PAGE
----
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Cheerio, British Investment Banks (Int'l Edition)


International -- Finance: BANKING

CHEERIO, BRITISH INVESTMENT BANKS (int'l edition)

Barclays' BZW is the latest to quit amid fierce competition

British investment banks are going the way of the dodo. On Oct. 3, Barclays Bank PLC put a big chunk of its investment-banking operation on the block. Americans or Europeans are thought to be possible buyers. The news came just two months after National Westminster Bank PLC downsized its own troubled investment bank, NatWest Markets. And it wasn't that long ago, in 1995, that four major British investment banks were sold to foreign companies. In fact, Barclays' BZW unit was the only British investment bank still making a pretense of battling it out on a global scale with the major U.S. and Continental houses.

Why the wholesale retreat? The British banks just weren't up to competing with their U.S. cousins (table). But it wasn't always that way. British houses such as Morgan Grenfell and Barings virtually invented what evolved into investment banking. Their latter-day successors, however, don't seem to have what it takes to make it in the major leagues.

BIGGER IS BETTER. The writing on the wall was the May marriage of Morgan Stanley & Co. and Dean Witter Reynolds Inc., followed by Travelers Group Inc.'s Sept. 24 announcement that it would acquire Salomon Brothers Inc. The message: The bigger the investment bank, the better its chances for survival. To build up BZW, Barclays would have had to invest "hugely and riskily," says Martin Taylor, chief executive of Barclays. Added Taylor: "I wouldn't invest my own money in such a venture, so I wouldn't expect my shareholders to."

Indeed, British investment banks typically have been more timid than their U.S. counterparts when it comes to risking capital. U.S. investment banks are making so much money at home that they have billions to plow into overseas expansion. The British banks can't feed off such a vibrant domestic market. They also come up short in risk-taking and identifying new market niches, notes Samuel L. Hayes, Harvard business school investment-banking professor. "Mixing classical commercial banking with entrepreneurial investment banking is almost like mixing oil and water," he says.

Britain can trace its investment-banking problems back to 1986, when Prime Minister Margaret Thatcher unleashed her "Big Bang," deregulating the country's financial industry. Several investment banks, including BZW and NatWest, were cobbled together by giant lenders. But lately, British banks have been making so much money lending to retail and business clients that investment banking came to be viewed as a drag on profits. U.S. investment banks such as Goldman Sachs & Co. and Morgan Stanley, meanwhile, built huge operations in London, snapping up talented Britons and other Europeans.

BRAIN DRAIN. Faced with an accelerating brain drain, BZW and Natwest were forced to spend even more to compete. In 1996, Barclays spent $72 million on "upgrading costs," such as guarantees for new recruits. But institutional shareholders were unhappy. With retail banking in Britain's hot economy generating average annual returns on equity of around 25%, the Brits began asking themselves why they should waste money on investment banking operations earning half of that.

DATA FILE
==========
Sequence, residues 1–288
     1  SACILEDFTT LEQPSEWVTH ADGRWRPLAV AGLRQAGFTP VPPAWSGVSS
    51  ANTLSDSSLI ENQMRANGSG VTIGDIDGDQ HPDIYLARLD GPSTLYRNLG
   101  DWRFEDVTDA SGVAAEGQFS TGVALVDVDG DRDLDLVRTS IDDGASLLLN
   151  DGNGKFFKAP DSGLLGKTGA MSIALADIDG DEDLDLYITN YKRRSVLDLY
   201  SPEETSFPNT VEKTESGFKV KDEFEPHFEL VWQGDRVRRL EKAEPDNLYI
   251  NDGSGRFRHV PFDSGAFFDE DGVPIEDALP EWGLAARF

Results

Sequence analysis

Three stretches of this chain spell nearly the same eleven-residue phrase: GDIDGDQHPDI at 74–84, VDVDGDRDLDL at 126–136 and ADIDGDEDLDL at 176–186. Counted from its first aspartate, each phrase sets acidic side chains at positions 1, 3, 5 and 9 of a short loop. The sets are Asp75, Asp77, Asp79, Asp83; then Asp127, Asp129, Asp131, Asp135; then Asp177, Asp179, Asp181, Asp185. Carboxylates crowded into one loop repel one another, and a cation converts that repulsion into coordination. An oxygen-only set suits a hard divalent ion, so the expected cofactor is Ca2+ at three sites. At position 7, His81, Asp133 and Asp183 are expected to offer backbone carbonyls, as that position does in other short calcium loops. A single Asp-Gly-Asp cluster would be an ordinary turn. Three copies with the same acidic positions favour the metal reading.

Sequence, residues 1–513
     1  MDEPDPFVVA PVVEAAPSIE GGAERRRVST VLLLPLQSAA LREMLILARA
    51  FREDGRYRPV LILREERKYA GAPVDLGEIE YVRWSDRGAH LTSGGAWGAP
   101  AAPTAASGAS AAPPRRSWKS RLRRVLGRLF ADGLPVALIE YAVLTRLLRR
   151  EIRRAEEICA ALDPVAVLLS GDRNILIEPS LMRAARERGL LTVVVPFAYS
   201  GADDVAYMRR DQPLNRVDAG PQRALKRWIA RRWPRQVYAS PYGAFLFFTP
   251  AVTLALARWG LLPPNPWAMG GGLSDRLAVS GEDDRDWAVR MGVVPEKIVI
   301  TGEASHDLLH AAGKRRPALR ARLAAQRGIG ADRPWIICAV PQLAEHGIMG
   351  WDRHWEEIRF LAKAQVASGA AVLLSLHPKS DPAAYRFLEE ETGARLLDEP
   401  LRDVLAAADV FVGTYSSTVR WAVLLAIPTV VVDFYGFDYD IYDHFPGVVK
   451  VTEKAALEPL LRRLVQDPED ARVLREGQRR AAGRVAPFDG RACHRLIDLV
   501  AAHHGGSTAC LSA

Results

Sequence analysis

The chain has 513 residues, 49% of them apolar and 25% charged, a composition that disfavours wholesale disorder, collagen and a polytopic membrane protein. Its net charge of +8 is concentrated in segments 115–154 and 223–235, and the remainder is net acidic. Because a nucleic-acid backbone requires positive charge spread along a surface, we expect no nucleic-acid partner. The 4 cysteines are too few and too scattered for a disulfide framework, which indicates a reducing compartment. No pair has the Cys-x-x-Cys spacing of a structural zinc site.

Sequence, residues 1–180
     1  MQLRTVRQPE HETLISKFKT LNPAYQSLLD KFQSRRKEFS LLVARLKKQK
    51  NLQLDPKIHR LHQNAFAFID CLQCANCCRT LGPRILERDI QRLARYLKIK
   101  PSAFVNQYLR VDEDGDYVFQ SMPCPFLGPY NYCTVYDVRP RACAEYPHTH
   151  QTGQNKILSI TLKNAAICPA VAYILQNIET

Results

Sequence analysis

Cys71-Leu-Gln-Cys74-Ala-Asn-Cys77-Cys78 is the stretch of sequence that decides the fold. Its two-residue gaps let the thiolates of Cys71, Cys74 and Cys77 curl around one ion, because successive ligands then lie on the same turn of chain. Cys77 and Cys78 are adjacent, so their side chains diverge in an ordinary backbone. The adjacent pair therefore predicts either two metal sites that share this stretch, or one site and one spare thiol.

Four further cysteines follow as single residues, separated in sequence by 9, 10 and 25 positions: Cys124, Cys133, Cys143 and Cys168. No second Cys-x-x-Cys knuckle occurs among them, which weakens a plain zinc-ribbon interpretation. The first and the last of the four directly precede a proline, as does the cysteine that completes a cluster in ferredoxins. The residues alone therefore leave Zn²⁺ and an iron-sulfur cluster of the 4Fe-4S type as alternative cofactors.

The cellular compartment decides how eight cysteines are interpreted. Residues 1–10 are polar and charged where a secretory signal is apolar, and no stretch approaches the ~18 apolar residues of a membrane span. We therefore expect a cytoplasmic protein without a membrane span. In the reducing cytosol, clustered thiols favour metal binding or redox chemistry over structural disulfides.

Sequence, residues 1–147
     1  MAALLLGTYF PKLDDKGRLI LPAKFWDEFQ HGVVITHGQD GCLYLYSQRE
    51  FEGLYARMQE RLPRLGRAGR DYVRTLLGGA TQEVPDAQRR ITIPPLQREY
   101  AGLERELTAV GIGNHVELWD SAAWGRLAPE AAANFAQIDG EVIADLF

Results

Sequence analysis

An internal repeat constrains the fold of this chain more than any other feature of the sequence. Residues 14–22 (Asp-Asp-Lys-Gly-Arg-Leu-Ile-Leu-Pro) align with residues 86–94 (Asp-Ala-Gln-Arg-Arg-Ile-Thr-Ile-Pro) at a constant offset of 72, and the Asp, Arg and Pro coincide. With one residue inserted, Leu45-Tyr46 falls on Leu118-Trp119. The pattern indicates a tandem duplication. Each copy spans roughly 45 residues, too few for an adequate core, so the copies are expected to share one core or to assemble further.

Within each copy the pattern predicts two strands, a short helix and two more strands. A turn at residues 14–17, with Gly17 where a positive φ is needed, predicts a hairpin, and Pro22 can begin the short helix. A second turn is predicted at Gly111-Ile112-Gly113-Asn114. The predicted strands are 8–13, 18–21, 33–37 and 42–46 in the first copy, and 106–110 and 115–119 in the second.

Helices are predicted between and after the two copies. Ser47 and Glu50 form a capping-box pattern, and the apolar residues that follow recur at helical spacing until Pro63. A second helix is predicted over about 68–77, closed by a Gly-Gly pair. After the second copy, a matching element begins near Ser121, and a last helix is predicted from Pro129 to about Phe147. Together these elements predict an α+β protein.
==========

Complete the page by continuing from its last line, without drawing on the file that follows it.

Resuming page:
So Taylor made the decision to sell off its equity underwriting and brokerage operations, along with BZW's mergers and acquisitions unit. Barclays will keep some businesses, including bond trading, foreign exchange, money markets, and structured finance. These operations accounted for $790 million of the $1.1 billion in revenue the investment bank generated in the first half of this year.

For now, Barclays' main concern is finding a buyer before BZW is devalued by top employees jumping ship. Barclays is believed to be willing to shell out $40 million to convince key employees to stay. Among possible buyers are Germany's Commerzbank, which has expressed its keen interest in expanding into investment banking. And France's Banque Paribas is looking at BZW's businesses. Other possibilities include Holland's ING Barings and Credit Suisse First Boston. Analysts figure the business could fetch between $550 million and $950 million.

Indeed, even as British companies pull out, the Continentals have been rushing in. In 1995, Dresdner Bank bought Kleinwort Benson, Swiss Bank Corp. acquired S.G. Warburg, and ING took over Barings. Deutsche Bank has poured money into Deutsche Morgan Grenfell, the investment bank it bought for $1.5 billion in 1989.

SIGN OF A SHAKEOUT? The City's attraction to European companies is understandable. Continental banks earn about half the return on equity at home their British counterparts do, so they're satisfied with more modest profits. Barclays, on the other hand, made a nearly 25% return on equity in 1996, while BZW brought in only 8%. Although that shot up to 12% in the first half of this year, BZW faced the prospect of making huge investments--and diminished profits--just to stay in the game.

Although Barclays' departure from investment banking was long rumored, competitors still have taken note. "It's an indication that not everyone who thought they'd make it in investment banking in Europe will," says Ralph Lynch, who heads Lehman Brothers Inc.'s European mergers and acquisitions team. Observers now wonder whether Barclays' exit is the precursor of a European shakeout when the investment banking industry eventually cools down. "We think just two or three European banks will succeed," says John Aitken, head of European banking research at UBS Ltd. If so, they'll have fared better than the British.By Heidi Dawley in London, with Thane Peterson in Frankfurt and Kerry Capell in New YorkReturn to top


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